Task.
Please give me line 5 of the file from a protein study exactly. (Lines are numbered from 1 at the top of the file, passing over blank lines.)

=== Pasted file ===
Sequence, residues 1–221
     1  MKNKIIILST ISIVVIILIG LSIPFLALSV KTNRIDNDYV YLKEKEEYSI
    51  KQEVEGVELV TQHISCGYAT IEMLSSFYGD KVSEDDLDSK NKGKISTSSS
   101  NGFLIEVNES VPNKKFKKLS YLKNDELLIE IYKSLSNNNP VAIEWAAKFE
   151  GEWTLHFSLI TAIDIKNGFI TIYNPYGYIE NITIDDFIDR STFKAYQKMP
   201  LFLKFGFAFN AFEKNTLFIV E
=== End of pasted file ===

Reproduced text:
   151  GEWTLHFSLI TAIDIKNGFI TIYNPYGYIE NITIDDFIDR STFKAYQKMP